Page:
City Council approves Lower Concourse rezoning

Environmental activist and canoe enthusiast Harry Bubbins objected to elements of the Lower Concourse rezone. Nevertheless, the plan was approved by the City Council on Tuesday, June 30. Photo by Victor Chu

When Department of City Planning Commissioner Amanda Burden looks at the Lower Concourse, she pictures a Harlem River promenade. She pictures skyscraping condos, corner stores, lofts and a waterfront park. Burden pictures a rusty neighborhood remade for residential and commercial development.

When Friends of Brook Park director Harry Bubbins looks at the Lower Concourse, he pictures a Harlem River rail line. He pictures yuppie co-ops, gourmet delis and a Con Edison parking lot. Bubbins pictures a concrete jungle remade for wealthy developers and Manhattanites. He lives in the south Bronx.

On Tuesday, June 30, the City Council approved and made final Burden’s plan to rezone 30 square blocks south of E. 149th Street, west of Morris Avenue and north of the Harlem River. Community Board 1 approved the plan on February 26 and acting borough president Earl Brown approved the plan with conditions on March 26.

According to Burden, the rezone will revitalize the Lower Concourse and create 3,400 permanent jobs. The existing neighborhood is home to auto shops, parking lots, self-storage facilities, waste transfer stations and light industry; many buildings are empty. The new Lower Concourse, a mixed residential and commercial zone, will accommodate apartment houses, condo towers and supermarkets. It will open the Harlem River to Bronxites, requiring developers to maintain a waterfront promenade. To the north is the Gateway Center, a new shopping mall at the Bronx Terminal Market. To the west is Port Morris, rezoned in 2005. Brown recommended that Burden take pains to protect existing businesses.

Superficially, the plan fits Bubbins’ sensibilities. The outdoorsy Castle Hill native is passionate about the environment, the Bronx and the waterfront. He and a team of Mott Haven residents have transformed a vacant lot on E. 141st Street into an orchard/playground/prayer hall. On Friday, July 10, Julio Garcia, 12, and Altariq Gentry, 10, roamed Brook Park, admiring collard greens, shooting hoops, chewing mint leaves.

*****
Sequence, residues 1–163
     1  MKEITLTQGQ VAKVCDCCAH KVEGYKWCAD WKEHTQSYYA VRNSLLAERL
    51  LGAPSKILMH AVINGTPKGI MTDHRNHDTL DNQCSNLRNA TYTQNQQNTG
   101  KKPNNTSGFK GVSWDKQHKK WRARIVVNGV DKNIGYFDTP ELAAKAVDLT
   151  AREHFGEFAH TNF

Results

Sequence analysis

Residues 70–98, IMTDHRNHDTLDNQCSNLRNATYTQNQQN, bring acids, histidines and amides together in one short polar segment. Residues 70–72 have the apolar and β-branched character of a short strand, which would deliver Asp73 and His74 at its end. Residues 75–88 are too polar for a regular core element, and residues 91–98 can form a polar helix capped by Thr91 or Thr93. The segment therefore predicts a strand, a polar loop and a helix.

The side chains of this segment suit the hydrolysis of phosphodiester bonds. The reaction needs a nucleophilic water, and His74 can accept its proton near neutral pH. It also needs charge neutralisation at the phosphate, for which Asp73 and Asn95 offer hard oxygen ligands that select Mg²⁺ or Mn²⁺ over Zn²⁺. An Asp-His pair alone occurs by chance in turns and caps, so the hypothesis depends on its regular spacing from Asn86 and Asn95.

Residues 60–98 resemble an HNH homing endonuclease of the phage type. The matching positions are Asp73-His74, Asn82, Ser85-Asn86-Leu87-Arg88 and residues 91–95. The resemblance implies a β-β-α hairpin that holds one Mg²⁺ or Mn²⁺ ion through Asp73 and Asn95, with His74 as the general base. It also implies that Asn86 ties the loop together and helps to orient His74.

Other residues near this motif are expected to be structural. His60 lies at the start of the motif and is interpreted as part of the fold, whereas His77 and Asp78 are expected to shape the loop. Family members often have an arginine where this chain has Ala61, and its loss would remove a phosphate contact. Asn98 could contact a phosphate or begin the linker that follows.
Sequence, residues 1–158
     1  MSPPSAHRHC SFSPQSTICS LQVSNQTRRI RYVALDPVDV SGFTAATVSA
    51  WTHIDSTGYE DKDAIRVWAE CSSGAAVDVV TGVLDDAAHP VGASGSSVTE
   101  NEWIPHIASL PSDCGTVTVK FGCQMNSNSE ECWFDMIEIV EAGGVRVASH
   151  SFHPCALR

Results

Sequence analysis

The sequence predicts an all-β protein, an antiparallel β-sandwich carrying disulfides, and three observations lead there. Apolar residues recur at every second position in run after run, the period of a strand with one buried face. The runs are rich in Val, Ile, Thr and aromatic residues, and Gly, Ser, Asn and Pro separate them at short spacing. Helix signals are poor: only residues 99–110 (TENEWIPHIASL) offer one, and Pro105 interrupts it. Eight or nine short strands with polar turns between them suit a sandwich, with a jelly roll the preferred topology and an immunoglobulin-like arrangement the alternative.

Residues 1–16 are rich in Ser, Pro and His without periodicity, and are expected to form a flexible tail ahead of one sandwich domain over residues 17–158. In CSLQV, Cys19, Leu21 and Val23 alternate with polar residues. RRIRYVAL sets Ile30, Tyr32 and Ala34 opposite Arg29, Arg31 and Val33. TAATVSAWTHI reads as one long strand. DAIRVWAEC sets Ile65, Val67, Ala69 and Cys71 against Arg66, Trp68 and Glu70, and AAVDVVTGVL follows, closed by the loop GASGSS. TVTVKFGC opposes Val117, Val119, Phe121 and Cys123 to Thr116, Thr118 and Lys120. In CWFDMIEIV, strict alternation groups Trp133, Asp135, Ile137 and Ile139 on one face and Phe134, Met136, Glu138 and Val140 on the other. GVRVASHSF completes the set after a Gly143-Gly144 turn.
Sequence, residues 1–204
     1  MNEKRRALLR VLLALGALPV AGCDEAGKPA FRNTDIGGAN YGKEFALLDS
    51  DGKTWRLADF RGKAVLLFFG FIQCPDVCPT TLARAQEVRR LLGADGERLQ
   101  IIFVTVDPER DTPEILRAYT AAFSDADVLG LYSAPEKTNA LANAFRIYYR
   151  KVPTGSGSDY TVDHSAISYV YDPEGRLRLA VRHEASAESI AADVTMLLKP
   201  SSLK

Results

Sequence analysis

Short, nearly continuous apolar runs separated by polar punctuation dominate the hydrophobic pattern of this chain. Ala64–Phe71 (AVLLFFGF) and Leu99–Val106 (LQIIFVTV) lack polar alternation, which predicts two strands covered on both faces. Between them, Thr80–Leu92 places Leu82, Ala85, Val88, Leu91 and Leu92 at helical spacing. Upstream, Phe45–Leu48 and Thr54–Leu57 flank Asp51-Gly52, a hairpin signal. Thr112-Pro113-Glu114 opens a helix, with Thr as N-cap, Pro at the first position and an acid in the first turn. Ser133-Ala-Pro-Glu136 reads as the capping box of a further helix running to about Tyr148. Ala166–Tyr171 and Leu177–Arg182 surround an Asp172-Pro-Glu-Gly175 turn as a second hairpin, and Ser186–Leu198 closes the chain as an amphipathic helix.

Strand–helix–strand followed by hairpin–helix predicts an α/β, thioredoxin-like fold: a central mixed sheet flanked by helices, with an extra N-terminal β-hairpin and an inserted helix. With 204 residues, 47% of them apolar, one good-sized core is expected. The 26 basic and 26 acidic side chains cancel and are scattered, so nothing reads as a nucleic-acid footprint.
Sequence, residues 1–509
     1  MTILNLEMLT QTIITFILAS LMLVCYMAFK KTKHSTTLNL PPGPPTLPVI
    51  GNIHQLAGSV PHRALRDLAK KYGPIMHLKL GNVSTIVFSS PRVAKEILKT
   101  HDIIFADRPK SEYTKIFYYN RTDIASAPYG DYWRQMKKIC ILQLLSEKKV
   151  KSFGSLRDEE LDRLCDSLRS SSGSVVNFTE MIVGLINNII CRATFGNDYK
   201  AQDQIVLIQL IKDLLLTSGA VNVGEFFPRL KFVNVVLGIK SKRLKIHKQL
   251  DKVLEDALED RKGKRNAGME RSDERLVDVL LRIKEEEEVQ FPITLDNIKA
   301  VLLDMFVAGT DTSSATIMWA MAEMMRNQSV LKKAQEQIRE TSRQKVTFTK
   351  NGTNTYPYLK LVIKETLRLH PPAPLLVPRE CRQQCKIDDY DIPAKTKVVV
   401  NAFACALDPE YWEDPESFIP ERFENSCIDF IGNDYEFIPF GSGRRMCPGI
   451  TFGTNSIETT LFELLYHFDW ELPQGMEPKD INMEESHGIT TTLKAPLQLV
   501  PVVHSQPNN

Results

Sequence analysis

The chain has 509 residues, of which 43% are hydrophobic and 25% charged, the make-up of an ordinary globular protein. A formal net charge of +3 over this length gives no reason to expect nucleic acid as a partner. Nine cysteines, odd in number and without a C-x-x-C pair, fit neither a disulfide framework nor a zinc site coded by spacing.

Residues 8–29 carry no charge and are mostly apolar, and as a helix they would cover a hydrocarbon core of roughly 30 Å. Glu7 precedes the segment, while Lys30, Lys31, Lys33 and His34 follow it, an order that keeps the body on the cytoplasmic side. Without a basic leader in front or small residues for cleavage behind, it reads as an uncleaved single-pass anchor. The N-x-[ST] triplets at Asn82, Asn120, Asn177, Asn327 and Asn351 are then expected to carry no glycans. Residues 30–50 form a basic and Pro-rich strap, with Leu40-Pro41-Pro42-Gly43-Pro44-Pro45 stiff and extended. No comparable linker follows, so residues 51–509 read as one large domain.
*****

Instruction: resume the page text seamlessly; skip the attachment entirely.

But the rezone approval rankled Bubbins for a handful of reasons. On July 10, he pushed a canoe down E. 141st, past the Mott Haven Houses and the Major Deegan Expressway to the Harlem River and launched a watery Lower Concourse tour. First, Bubbins fears gentrification. Although the rezone incentivizes the construction of affordable housing, that housing may be built off-site and, according to Bubbins, its affordability is based on regional median income levels, not median income levels in the poor south Bronx.

Second, a freight rail line parallels and, for much of the Lower Concourse stretch of the Harlem River, protrudes from water only feet offshore. The rail line is an impediment to water amusements like swimming, inconspicuous on land but painfully obvious in a canoe. Third, Burden and the City Council have agreed to let Con Ed retain its waterfront parking lot and operations facility at Exterior and E. 141th streets. In fact, Con Ed will expand the facility in violation of the rezone. As penance, it’ll open a waterfront promenade on site.

Fourth, left out of Lower Concourse plan is Bubbins’ canoe launch, a vacant patch of weedy rock south of the Willis Avenue Bridge at the terminus of Park Avenue. According to Bubbins, it’s the only authentic waterfront access spot from Hunts Point to Highbridge and sites just outside of the rezone. It should be a public park, Bubbins said.

The plan will create a new 2.2-acre public park on the Harlem River between E. 144th and E. 146th streets, DCP spokeswoman Rachaele Reinoff said. Councilwoman Maria del Carmen Arroyo voted for the rezone on condition that the Parks Department investigates Bubbins’ Park Avenue spot. A feasibility study is underway, Reinoff said.

The rail line is an impediment to water fun, Reinoff admitted. But the promenade will sit two feet higher and only two trains use the rail line each day.

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